The timeless beauty of Kashmir can not be restricted to seasons. However, there is no denying that the valley looks as enduring in summer as it does in winter. Here’s a half sum up of the summer in Kashmir on the pretext that its classic charm and lifestyle can never be fully justified with words.
As the frigid white scenes take their departure from Kashmir, the entire valley comes to life with greens and fresh brightness, the locals say. The landscape of lush greenery and blooming flowers are captured during summer in Kashmir, and as far as the sight goes, yellow and green colours cover most of the parts. Although the onset of summer is observed in May every year in Kashmir, it arrived early this time, near March. Nevertheless, the pre-arrival that hints toward the problem of climate change, the ‘heaven on the earth’ seems to have maintained its evergreen summer charisma.
Under the clear blue sky with a blue backdrop of mountains, Kashmir glamours during the entire period of May to September, which is marked as summer. However, just before that time, the valley is drenched with light rains during spring that often acts as an intimation of summer for the locals. The temperature rises slightly, while the colourful flowery fields that appear with the background of snow-capped mountains suffice as “breathtaking”.
When Aqif Hussain, a photographer based in Srinagar, describes his surroundings, he does not fail to stress the attractiveness of Kashmir, which doubles with summers. Especially, about Srinagar, he says, “It looks like a beautifully painted canvas with clear and stunning views of Dal, Nigeen and Wular lakes surrounded by the snow-tipped Himalayas and sparkling Jhelum river, rolling down the hills in full volume.”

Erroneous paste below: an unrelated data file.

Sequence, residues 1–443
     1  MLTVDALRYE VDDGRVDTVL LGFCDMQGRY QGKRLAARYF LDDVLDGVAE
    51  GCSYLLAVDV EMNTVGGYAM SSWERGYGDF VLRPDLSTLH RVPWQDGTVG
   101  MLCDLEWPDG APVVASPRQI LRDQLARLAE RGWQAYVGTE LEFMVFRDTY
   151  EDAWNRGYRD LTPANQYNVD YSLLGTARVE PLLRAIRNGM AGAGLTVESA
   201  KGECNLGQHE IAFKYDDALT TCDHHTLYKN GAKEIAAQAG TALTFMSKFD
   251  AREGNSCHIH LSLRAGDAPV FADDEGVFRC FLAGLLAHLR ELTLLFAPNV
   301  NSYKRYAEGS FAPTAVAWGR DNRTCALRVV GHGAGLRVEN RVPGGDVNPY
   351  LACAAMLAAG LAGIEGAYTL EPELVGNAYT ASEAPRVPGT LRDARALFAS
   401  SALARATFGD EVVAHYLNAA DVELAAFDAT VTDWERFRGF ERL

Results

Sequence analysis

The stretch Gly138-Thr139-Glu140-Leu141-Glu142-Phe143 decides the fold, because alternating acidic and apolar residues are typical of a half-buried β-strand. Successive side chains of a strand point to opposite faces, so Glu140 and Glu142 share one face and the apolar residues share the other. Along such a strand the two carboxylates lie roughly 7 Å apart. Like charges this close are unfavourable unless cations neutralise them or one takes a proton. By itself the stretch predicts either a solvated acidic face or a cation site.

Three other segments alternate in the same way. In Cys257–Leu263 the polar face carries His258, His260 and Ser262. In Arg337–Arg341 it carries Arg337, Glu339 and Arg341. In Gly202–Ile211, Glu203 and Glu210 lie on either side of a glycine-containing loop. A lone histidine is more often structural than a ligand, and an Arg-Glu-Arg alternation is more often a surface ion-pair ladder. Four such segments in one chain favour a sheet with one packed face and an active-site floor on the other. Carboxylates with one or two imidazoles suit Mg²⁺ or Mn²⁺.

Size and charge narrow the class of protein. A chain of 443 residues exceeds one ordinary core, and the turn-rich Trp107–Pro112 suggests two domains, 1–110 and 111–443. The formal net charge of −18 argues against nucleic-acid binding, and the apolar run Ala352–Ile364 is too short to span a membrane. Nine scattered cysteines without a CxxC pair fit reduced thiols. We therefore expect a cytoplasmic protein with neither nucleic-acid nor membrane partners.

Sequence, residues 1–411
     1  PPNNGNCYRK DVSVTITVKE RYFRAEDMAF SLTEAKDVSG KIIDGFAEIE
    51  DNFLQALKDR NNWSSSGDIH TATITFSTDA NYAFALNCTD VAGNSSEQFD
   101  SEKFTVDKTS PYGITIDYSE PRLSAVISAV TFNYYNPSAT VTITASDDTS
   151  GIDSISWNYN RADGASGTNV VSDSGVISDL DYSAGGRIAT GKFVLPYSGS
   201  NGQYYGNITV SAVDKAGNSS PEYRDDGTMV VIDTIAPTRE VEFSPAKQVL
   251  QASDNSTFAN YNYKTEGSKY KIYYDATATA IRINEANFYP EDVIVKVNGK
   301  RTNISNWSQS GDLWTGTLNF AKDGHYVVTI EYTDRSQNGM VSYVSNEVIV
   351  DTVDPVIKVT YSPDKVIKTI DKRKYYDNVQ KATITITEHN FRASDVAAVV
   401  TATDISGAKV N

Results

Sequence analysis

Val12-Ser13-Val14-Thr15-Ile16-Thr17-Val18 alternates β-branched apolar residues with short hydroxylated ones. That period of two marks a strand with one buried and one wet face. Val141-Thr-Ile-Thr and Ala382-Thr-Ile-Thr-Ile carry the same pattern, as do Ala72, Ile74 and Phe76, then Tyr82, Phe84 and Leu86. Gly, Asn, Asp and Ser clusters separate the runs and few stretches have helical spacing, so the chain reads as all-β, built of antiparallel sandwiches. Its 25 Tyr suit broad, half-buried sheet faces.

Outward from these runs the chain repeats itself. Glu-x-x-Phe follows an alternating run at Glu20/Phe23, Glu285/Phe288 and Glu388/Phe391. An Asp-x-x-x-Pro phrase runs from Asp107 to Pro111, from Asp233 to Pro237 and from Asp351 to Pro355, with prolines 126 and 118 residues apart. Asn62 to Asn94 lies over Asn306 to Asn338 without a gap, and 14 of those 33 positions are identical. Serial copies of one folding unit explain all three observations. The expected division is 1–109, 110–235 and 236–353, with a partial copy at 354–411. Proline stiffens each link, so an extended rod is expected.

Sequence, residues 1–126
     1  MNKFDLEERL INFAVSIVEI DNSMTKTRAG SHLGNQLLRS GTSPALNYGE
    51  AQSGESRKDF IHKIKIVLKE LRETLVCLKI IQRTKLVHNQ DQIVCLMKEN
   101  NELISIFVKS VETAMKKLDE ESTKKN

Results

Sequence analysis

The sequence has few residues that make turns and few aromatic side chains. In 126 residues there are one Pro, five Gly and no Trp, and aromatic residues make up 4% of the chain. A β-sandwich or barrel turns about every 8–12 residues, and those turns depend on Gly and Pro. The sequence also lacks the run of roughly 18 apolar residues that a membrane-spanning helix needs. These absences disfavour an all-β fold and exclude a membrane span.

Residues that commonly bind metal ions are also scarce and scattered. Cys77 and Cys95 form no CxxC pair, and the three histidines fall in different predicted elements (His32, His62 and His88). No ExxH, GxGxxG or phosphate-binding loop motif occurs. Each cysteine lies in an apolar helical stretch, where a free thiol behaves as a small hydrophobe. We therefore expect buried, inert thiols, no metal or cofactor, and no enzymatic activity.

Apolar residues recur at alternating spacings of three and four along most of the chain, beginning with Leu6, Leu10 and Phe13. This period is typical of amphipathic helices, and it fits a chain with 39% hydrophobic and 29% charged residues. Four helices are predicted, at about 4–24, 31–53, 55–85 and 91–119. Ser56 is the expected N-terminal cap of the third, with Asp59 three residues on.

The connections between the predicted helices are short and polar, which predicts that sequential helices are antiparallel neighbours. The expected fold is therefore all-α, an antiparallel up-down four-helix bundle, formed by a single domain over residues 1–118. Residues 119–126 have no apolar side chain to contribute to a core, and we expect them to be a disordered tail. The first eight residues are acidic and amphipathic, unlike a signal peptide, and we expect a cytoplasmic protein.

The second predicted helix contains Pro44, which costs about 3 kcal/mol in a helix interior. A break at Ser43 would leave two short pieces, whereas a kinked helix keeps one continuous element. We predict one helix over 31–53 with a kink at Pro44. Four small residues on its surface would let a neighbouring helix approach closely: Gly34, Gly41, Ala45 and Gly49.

Hussain’s grandfather is one of the sellers at the floating market on Dal lake, who sets up his boat every season. While the timings of the market don’t change with the seasons, the types of vegetables certainly do. Summer allows the fresh vegetation to take place in the valley, and trees and plants bear fruits and flowers all around. The people who get confined to the four walls of their homes due to cold, venture out during this time, and in the outskirts of the valley, many begin with farming and gardening on their land.
The streets of the Kashmir are also thronged with locals in casual clothing as the Pherans and Kangri find their place in trunks. With the dismissal of snow from the roads, even bikes become common, and locals begin to get used to the fragrant air once again. Mohammed Ilyas, another Srinagar native, says that summer has three phases in Kashmir. The initial phase is marked by yellowish-greenery and flowers all around with a blue backdrop as the snow melts, except for the glacier.
The second phase, or mid-summer, however, turns the entire valley into a dark-green arena with rivers flowing fast. The late summer comes with hiking options and various adventures in the mountains. Being a passionate photographer, Ilyas loves to capture the essence of mustard and almond fields with his camera, which appears much more buoyant during this time. What is even more enthralling is when Ilyas says, “I can straight look up to 50 to 60 km far from my house. The scenes are neither hindered nor much blurry.”
A popular tourist attraction in Srinagar, namely the Tulip garden, remains the focal point with the arrival of summer as it opens its doors for people. While the occurrence of Tulips in Srinagar and other touristic places is a known fact, Maliq Abid, a resident of Pampore, takes pride in saying that he brought the place in front of the people through social media tools. The reason is simple. Pampore was an unexplored place till a few years ago, which is usually, full of wild tulips and other flowers during summer.
Pampore, also known as the saffron town of Kashmir, is a secluded place on the eastern side of Jhelum with beautiful saffron fields. Since childhood, Abid had seen the place becoming a flowerbed during this season. Only a few years back, did he begin seizing the beauty of the town and posting about the Spring festival, and other appealing elements. Almond flowers are another attraction in Pampore, Abid mentions and says it is a sight to behold. He also confers that locals love to grow Kashmiri Mirchi, and there are various medicinal plants in the jungles of the town that are used to treat ailments, all of which are part of summer blossoms.